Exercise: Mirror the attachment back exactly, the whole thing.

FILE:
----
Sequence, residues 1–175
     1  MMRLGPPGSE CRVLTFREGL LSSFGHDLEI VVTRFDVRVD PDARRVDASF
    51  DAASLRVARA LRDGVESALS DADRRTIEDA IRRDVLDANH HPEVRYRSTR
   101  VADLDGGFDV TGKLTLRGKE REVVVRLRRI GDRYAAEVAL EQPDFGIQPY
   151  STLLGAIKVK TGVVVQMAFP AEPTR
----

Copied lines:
Sequence, residues 1–175
     1  MMRLGPPGSE CRVLTFREGL LSSFGHDLEI VVTRFDVRVD PDARRVDASF
    51  DAASLRVARA LRDGVESALS DADRRTIEDA IRRDVLDANH HPEVRYRSTR
   101  VADLDGGFDV TGKLTLRGKE REVVVRLRRI GDRYAAEVAL EQPDFGIQPY
   151  STLLGAIKVK TGVVVQMAFP AEPTR